“It would be horrendously expensive to duplicate the EU law framework on chemicals in every jurisdiction or subordinate component of a jurisdiction.”

Professor Gemmell argued that the uncertainty of what lay ahead made it impossible to draw firm conclusions:

“one of the challenges is simply knowing what the end of the story might be. Frankly, a lot of this will be subject to future agreement between Scotland and the United Kingdom, as well as between the UK and the EU. It is not entirely clear. We have identified the risk of gaps, rather than having any certain knowledge of what gaps will emerge.”

On this day

Five years ago, in June 2013, Christine Grahame asked the Scottish Parliamentary Corporate Body whether it would consider acquiring a parliamentary cat. The serious question was about pest control in the Parliament, but members seized the opportunity to enjoy a lighter moment in the chamber. The exchange can be read here.


Branch Closures, A Vision for the Screen Sector and Thinking Out of the Box

Bank Branch Closures

Feet were a recurring image at the Economy, Jobs and Fair Work Committee on Tuesday, which is undertaking a highly topical inquiry into the closure of bank branches in Scotland. The way in which footfall is measured was questioned and the accuracy of statistics was disputed. Later in the meeting, Keith Dryburgh from Citizens Advice Scotland noted the lack of alternatives, saying, “some people just do not have the option to vote with their feet.”

The elderly and the disabled are most affected by bank branch closures, Cliff Beevers from Juniper Green and Baberton Mains Community Council told the committee, and Allister Mackillop from Currie Community Council noted the effects of waves of closures.

An interesting perspective on the effect on other businesses came from Paul Alexander from the Scottish Building Society, which, as a small-scale business, is dependent on banking connections.

The impact on employees was also noted, with Lyn Turner from Unite Scotland citing security concerns regarding mobile banking operations. He also picked up on the theme of banking as a service, noting that “People want to speak to someone when they do the big things in life.”

The Screen Sector

On Thursday, the Culture, Tourism, Europe and External Relations Committee held two final evidence sessions in its inquiry into Scotland’s screen sector. The committee heard from representatives of Creative Scotland and the Cabinet Secretary for Culture, Tourism and External Affairs, Fiona Hyslop.

A major talking point in the discussions was the proposal to establish a new screen unit within Creative Scotland as opposed to a stand-alone agency.

In an interim report, the committee had argued that such an agency was required to “help nurture, develop and support indigenous talent, deliver more studio capacity, attract major productions, and represent Scotland to the rest of the world.” However, the cabinet secretary argued that a new screen unit within Creative Scotland “will be decisive and empowered, and with more staff it will be able to deliver a more complete service in areas where there have been gaps.”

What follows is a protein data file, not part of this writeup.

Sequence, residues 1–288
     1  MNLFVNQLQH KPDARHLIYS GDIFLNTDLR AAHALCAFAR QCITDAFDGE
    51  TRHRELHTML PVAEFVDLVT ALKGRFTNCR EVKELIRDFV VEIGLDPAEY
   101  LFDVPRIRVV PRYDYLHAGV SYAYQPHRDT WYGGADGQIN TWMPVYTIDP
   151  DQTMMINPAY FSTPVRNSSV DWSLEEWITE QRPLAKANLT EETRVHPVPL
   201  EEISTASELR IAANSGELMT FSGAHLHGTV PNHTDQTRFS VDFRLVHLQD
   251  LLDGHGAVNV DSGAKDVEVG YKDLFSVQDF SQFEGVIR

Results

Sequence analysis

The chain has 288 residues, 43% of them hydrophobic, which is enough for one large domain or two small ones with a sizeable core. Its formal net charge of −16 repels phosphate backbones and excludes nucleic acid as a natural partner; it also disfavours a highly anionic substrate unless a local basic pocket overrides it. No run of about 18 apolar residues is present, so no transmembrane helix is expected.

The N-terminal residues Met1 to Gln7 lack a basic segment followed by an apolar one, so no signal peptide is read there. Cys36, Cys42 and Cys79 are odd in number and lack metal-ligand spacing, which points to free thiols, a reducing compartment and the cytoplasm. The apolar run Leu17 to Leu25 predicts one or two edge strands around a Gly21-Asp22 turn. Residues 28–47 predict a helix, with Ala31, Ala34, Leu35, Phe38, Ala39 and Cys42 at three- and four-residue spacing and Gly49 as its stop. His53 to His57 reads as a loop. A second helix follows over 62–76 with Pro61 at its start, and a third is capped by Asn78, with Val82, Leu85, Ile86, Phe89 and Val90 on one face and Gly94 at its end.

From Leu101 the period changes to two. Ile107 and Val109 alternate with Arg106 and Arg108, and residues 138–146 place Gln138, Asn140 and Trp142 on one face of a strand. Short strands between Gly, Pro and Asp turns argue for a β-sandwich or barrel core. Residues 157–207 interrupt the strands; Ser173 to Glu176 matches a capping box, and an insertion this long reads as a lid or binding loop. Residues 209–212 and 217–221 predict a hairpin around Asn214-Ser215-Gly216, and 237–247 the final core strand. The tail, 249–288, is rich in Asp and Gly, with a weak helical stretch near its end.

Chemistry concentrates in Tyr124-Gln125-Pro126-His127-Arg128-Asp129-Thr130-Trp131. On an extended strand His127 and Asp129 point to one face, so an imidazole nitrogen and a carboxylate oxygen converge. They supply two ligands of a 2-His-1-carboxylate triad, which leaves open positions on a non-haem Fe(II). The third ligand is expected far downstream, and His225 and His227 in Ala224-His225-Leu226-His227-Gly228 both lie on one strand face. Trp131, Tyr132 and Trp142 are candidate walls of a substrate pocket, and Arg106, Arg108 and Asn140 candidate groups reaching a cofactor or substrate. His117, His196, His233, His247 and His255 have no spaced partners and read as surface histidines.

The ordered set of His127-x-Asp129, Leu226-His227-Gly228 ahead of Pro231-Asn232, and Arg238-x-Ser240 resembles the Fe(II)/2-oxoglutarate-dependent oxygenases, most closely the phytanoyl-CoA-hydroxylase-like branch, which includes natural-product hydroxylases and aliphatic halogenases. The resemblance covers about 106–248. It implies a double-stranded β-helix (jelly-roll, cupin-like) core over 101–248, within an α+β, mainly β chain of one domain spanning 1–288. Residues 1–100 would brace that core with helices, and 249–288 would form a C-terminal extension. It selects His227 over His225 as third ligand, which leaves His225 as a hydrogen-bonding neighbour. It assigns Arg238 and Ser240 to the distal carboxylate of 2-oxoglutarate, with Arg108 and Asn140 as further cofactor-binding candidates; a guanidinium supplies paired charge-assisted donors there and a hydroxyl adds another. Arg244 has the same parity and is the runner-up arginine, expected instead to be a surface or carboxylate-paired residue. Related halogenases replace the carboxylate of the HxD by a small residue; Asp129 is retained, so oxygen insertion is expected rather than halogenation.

Islands (Scotland) Bill

In the chamber on Wednesday, the Parliament passed the historic Islands (Scotland) Bill, which will require the Government to create a national islands plan and ensure that public authorities, including the Government, must have special regard to the impact on island communities of any new policies, legislation or strategies. In the future, they will have to prepare an island communities impact assessment when a policy is expected to affect island communities differently from mainland communities in a process that is being called “island proofing”.

Tavish Scott also amended the bill to ensure that, in the future, when public authorities produce maps of Scotland, Shetland will no longer be drawn in a box near the Aberdeenshire coast. Mr Scott expressed Shetlanders’ annoyance at the practice, saying, “We will no longer accept the lazy interpretation of maps that we have put up with for so long”. The purpose behind the amendment is to highlight the unique challenges that Shetland faces as an extremely remote community that is over 200 miles distant from the Scottish mainland.

Stewart Stevenson suggested that this would be Tavish Scott’s legacy, saying, “When his obituary is published, at the top of the page will be written, ‘The man who saved Shetland from obscurity’”. This prompted Jamie Greene to quip, “I have no idea what will be in Stewart Stevenson’s obituary, but I dread to think.”